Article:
arg1[0] = arg1[0] + arg2[0];
// still return arg1 as a result
return arg1;
} else if(strategy == ResultStrategy.SECOND_ARG) {
//sample mutation
arg2[0] = arg1[0] + arg2[0];
// still return arg2 as a result
return arg2;
} else if(strategy == ResultStrategy.RESULT) {
double[] result = new double[arg1.length];
result[0] = arg1[0] + arg2[0];
return result;
}
}
}

Usage:

apply(arg1, arg2, new PlusOperation(ResultStrategy.FIRST_ARG));
apply(arg1, arg2, new PlusOperation(ResultStrategy.SECOND_ARG));
double[] result = apply(arg1, arg2, new PlusOperation(ResultStrategy.RESULT));

UPDATE

According to sample code provided in question

public enum ResultStrategy { FIRST_ARG, NEW_RESULT;} // SECOND_ARG = apply(b, a)

public class DoubleArraysMath {
...
public static double[] apply(ResultStrategy rs, double[] a, double[] b, BinaryOperation o) {
if (rs == ResultStrategy.FIRST_ARG) { return apply(a, a, b, o); }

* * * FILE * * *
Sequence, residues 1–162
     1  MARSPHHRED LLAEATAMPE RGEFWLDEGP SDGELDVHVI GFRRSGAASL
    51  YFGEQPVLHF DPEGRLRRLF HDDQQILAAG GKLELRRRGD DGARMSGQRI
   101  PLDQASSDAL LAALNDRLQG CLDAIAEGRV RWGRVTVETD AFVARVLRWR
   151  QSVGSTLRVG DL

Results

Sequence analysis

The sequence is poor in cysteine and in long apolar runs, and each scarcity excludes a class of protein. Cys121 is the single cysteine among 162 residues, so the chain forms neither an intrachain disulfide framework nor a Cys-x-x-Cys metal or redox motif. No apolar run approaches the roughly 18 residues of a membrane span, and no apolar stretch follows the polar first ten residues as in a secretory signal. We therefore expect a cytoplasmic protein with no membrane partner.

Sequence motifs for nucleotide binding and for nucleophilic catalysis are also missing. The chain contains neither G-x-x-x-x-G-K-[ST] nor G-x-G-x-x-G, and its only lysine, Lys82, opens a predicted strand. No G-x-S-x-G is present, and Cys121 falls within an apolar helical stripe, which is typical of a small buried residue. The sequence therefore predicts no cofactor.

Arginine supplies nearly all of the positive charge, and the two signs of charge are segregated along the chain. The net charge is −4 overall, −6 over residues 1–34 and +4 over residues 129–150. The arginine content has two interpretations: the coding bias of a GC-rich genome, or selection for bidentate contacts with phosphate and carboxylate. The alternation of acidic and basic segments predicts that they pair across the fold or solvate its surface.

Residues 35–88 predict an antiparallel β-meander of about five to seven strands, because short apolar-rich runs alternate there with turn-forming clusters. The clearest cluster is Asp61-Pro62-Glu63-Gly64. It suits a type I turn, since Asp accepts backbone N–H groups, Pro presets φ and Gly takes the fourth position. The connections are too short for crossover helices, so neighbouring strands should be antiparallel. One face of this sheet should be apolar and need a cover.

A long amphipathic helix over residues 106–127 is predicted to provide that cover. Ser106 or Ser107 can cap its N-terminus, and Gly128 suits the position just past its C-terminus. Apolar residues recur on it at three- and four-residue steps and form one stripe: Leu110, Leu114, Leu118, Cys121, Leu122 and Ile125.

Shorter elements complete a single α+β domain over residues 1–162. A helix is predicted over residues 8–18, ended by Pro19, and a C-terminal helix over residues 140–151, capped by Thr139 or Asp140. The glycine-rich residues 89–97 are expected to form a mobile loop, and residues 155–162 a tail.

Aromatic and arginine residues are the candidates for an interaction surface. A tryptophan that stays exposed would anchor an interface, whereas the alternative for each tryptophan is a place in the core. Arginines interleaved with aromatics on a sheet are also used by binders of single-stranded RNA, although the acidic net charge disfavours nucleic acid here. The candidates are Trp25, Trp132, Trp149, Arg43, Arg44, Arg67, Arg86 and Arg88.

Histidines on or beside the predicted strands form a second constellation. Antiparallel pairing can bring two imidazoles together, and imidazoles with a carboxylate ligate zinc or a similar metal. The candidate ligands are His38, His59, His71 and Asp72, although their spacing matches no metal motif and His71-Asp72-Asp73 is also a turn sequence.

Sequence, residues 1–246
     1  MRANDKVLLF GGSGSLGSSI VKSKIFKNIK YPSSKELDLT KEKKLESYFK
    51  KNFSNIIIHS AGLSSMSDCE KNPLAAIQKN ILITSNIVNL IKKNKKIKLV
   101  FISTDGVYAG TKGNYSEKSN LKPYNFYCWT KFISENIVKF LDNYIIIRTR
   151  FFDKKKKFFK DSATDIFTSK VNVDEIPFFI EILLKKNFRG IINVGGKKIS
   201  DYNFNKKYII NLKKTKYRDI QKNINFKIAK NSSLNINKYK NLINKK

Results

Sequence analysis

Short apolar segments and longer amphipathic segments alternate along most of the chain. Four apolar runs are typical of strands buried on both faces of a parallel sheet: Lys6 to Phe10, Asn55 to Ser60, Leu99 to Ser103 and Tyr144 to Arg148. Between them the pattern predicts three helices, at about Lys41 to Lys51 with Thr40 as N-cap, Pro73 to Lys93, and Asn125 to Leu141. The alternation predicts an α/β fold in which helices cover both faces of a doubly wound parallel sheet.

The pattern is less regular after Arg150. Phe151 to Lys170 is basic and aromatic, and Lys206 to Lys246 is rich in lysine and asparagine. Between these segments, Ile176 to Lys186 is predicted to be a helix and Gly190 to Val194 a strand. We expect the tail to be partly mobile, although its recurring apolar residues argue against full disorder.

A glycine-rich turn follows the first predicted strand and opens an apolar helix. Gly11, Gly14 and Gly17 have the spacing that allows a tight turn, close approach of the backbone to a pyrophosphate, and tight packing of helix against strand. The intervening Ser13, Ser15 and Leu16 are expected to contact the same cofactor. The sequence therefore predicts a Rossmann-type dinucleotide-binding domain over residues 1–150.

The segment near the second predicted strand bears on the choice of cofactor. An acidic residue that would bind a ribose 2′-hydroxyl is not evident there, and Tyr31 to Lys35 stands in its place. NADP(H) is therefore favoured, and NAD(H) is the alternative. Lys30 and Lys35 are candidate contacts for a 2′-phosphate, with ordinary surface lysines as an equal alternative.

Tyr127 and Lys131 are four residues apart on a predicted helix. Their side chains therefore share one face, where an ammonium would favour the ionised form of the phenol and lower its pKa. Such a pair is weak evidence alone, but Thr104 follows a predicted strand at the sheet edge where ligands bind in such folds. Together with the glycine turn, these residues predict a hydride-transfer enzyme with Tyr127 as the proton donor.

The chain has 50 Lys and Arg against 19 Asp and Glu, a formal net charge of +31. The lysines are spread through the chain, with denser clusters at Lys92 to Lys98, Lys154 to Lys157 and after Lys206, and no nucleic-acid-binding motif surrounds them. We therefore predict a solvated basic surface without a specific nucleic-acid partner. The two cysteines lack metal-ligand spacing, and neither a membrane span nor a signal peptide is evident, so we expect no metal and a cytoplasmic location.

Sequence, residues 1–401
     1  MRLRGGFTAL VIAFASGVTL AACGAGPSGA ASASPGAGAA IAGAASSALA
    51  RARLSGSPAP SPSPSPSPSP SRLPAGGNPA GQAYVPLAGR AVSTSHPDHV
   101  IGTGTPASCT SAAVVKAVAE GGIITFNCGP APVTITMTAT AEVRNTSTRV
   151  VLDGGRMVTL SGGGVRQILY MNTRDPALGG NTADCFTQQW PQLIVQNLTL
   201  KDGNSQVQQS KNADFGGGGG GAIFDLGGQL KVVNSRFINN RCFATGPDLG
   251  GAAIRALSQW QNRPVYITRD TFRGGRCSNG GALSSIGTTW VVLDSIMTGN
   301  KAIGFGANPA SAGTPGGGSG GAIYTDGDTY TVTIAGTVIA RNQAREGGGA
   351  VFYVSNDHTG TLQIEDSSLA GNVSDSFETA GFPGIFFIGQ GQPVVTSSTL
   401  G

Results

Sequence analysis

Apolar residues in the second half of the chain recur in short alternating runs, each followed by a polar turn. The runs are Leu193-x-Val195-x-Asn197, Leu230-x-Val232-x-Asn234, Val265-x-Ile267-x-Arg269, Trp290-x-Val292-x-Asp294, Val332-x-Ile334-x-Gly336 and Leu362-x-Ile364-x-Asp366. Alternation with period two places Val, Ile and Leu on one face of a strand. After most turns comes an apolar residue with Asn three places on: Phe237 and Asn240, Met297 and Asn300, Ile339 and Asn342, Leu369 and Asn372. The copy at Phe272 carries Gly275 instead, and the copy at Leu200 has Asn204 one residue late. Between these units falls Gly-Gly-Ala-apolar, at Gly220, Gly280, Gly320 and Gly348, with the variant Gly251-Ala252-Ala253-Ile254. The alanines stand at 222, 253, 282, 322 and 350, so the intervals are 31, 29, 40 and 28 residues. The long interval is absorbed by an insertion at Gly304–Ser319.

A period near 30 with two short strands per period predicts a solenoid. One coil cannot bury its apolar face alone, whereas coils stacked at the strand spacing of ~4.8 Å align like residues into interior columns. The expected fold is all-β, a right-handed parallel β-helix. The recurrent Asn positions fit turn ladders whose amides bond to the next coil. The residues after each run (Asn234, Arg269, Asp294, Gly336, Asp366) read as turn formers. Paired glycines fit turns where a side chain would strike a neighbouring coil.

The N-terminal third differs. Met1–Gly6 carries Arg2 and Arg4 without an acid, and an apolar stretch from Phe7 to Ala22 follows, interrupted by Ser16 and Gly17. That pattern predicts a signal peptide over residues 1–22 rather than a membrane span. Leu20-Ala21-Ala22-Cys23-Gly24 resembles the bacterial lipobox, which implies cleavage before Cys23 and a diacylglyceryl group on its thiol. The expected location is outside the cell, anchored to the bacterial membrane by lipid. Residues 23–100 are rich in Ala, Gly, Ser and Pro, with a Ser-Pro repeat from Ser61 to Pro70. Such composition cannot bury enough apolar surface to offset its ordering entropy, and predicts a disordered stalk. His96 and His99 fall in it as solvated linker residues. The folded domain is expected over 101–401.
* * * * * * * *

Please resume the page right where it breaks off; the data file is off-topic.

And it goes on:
return apply(new double[a.length], a, b, o);
}
}
• I have edited my question to give more details why I would like to avoid "separate class" solution. – matoni Jun 14 '18 at 18:15
• You can add a fourth parameter that will define mutability strategy, for example: plus(a,b,Operation.ADD, ResultValue.NEW) and plus(a,b,Operation.ADD, ResultValue.FIRST_ARG) and plus(a,b,Operation.ADD, ResultValue.SECOND_ARG). I, however, will still create separate classes with mutable and immutable implementation. – Pavel Molchanov Jun 14 '18 at 18:27
• Having different strategies for the same method will confuse users. Usually, the straight-forward methods (no if statements inside) are preferrable. – Pavel Molchanov Jun 14 '18 at 18:35
• Operation strategy is actually interface which will perform binary operation with two numbers, so the method is something like this: apply(double[], double[], BinaryOperation). I think your suggestion to make mutability as argument is worth to mention it in your answer (I will give you +1 for that if you update the answer). But I'm still loking for some naming convention if possible. – matoni Jun 14 '18 at 18:40
• Sorry, I missed your correction of the method name while working on the answer. – Pavel Molchanov Jun 14 '18 at 19:06